Verse 5. - Woe. The denunciation extends to all Philistia. The inhabitants of the sea coast. Both the. Greek and Latin Versions retain the notion of the Hebrew word chebel: "Ye who inhabit the measured allotment of the sea." "Philistia," says Sir C. Warren, "consists of an undulating plain from fifty to a hundred feet above the level of the sea, reaching thirty-two miles from Ekron to Gaza, with a breadth of from nine to sixteen miles. To the east of this the hills commence, not the hill country, but a series of low spurs and undulating ground, culminating in hogs' backs, running nearly north and south, and rising in places to twelve hundred feet above the ocean" ('Survey Memoirs: Jerusalem,' p. 436). The nation of the Cherethites. So in Ezekiel 25:16. Zephaniah calls the Philistines by this name for the sake of a play on the word, Cherethites meaning "Cutters off," and they were devoted to being "cut off" (karath). Part of David's bodyguard was composed of the same people (1 Samuel 30:14). The name seems to have belonged to a portion of the Philistines who inhabited the southern part of the district. "One of the principal villages of Philistia is now called Keretiya, so that the term may apply to the inhabitants of this town - an ancient Cherith not mentioned in the Bible" (Courier's 'Handbook to the Bible,' p. 237). They have been supposed to have emigrated from Crete, but there are no reliable grounds for this theory, though the LXX. in the present passage has, Πάροικοι Κρητῶν, "sojourners of the Cretans;' and the Syriac gives a similar rendering. St. Jerome renders, "gens perditorum," "nation of destroyers." The word of the Lord is against you. The sentence is pronounced in the words following. O Canaan. O Philistia, which shall be as Canaan, and in like manner exterminated. Canaan means "Lowland," a name which originally was applied to the Phoenician and Philistine tracts on the seacoast. I will even destroy thee. The like threat is uttered by Jeremiah (Jeremiah 47:4, 5) and Ezekiel (Ezekiel 25:15-17).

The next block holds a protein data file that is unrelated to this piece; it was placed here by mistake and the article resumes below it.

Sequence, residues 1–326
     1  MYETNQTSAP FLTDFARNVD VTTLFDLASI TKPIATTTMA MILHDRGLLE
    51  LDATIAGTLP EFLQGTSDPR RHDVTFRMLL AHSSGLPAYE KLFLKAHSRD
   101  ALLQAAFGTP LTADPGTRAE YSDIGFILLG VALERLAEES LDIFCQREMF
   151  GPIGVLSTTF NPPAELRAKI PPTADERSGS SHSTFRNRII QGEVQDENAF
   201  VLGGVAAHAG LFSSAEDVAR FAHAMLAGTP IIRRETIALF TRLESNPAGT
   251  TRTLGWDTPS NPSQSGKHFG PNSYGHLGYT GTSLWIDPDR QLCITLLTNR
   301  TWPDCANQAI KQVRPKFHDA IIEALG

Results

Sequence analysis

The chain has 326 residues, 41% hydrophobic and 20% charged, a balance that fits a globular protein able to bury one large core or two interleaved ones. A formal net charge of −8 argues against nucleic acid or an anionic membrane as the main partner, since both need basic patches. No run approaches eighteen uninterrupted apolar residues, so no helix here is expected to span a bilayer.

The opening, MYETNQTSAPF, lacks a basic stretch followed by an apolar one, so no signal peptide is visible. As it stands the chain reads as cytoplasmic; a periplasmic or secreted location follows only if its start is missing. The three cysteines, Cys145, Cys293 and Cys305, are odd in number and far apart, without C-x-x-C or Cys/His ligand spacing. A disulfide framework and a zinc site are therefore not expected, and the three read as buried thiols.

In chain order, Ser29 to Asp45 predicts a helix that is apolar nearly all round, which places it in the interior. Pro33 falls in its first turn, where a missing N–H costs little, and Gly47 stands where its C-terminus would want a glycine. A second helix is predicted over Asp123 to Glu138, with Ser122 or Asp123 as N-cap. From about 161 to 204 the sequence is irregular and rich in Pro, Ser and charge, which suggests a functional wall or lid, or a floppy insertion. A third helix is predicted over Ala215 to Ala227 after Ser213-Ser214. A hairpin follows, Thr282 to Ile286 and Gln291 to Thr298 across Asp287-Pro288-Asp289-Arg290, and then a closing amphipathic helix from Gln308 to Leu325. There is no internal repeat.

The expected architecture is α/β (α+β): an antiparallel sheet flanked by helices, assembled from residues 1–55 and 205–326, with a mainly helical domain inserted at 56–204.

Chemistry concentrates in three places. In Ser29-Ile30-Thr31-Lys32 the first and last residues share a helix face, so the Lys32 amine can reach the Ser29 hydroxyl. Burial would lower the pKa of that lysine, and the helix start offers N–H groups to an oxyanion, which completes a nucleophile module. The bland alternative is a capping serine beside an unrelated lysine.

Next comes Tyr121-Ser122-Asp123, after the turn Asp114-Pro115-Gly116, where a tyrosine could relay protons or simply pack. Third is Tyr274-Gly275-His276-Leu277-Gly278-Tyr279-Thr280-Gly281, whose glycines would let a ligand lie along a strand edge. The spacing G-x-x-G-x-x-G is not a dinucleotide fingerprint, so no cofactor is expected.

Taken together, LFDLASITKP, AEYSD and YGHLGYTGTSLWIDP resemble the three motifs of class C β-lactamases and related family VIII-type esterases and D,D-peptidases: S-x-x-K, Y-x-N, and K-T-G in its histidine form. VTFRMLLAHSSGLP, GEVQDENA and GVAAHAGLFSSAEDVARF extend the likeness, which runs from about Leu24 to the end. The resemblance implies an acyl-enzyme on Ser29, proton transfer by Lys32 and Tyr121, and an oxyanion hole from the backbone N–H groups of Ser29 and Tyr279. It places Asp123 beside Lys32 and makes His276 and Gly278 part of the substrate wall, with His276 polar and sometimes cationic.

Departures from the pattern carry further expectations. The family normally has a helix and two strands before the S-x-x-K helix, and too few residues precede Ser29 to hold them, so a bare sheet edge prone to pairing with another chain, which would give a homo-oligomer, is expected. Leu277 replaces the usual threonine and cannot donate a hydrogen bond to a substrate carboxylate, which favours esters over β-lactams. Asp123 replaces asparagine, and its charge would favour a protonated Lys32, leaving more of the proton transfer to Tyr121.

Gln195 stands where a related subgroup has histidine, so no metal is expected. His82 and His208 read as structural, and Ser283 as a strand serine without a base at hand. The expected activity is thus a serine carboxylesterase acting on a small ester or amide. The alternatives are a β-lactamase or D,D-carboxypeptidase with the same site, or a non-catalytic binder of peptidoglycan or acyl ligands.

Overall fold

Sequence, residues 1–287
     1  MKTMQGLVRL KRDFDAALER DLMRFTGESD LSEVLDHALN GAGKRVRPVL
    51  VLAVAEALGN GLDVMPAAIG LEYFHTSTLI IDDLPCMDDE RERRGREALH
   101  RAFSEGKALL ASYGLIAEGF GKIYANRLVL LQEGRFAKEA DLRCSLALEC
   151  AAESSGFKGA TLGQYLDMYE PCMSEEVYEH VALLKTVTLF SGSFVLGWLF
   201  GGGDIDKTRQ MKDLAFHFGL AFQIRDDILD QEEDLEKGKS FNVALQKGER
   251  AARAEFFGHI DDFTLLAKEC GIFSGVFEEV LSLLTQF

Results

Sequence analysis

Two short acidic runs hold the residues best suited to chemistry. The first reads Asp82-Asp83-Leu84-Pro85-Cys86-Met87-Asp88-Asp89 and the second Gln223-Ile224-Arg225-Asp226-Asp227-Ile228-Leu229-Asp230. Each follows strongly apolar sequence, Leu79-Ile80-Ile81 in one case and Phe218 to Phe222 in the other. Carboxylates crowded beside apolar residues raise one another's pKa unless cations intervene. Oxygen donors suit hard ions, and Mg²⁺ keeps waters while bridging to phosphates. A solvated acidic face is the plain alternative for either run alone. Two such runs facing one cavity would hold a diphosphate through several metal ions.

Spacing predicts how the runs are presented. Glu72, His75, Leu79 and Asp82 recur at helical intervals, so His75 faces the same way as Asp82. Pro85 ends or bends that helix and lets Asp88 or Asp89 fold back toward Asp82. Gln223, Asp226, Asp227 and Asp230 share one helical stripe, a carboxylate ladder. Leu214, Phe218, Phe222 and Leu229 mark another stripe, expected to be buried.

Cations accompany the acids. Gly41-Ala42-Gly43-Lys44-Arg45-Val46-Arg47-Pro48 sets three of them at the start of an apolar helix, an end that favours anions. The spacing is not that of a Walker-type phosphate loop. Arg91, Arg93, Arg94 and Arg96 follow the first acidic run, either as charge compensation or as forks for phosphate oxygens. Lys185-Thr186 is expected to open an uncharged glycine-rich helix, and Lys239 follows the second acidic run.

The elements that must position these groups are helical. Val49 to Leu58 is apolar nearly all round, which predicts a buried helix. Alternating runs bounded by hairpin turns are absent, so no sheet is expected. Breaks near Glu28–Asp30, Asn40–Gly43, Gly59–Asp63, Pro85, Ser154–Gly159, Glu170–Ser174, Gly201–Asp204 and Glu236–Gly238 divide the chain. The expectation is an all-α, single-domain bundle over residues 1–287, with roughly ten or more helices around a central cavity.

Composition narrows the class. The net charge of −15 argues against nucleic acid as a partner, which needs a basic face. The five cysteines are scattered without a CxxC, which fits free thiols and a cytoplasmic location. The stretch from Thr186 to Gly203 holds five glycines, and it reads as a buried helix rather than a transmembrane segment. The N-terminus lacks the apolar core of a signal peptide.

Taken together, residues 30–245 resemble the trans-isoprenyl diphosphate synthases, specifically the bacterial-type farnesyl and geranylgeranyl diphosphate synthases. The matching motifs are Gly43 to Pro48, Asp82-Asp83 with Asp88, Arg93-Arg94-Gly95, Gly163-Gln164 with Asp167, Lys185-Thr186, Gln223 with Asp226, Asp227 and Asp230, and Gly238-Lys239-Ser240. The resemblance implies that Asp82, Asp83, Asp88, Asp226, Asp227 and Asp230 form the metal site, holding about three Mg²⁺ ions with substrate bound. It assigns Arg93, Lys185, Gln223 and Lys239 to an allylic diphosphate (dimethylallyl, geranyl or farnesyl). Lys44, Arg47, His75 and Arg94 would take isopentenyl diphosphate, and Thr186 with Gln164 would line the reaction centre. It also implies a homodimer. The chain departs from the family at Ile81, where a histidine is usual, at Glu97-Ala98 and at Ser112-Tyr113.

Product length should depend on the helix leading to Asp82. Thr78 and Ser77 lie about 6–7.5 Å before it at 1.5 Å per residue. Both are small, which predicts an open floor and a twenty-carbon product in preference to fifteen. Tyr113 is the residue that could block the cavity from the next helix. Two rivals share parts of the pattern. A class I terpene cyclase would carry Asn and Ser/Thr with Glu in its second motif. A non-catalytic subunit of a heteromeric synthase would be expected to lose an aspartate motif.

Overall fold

And the sea coast shall be dwellings and cottages for shepherds, and folds for flocks.
Verse 6. - Dwellings and cottages for shepherds; better, pastures with caves for shepherds. In the use of the word keroth, "diggings" ("cottages," Authorized Version) there is probably intended another play on the "Cherethites." Neale, "The road from Gaza to Askalon lay along the sea shore. In the winter months many parts of it are impracticable, owing to the encroachment of the sea. The surf then dashes wildly into the huge caverns worked out of the endless sand hills that line this coast. These caverns were tenanted, when we passed, by goatherds and their flocks. Thither they resort for shelter from the fierce heat of the noontide sun; and here during the night the goats are penned. There are wells and reservoirs in the vicinity which furnish water for the flocks the whole year round, and the brambles and thorn bushes that flourish near the seaside form their pasturage" ('Eight Years in Syria,' 1:40, 41). Septuagint, ἔσται Κρήτη νομὴ ποιμνίων, "Crete shall be a pasture of flocks."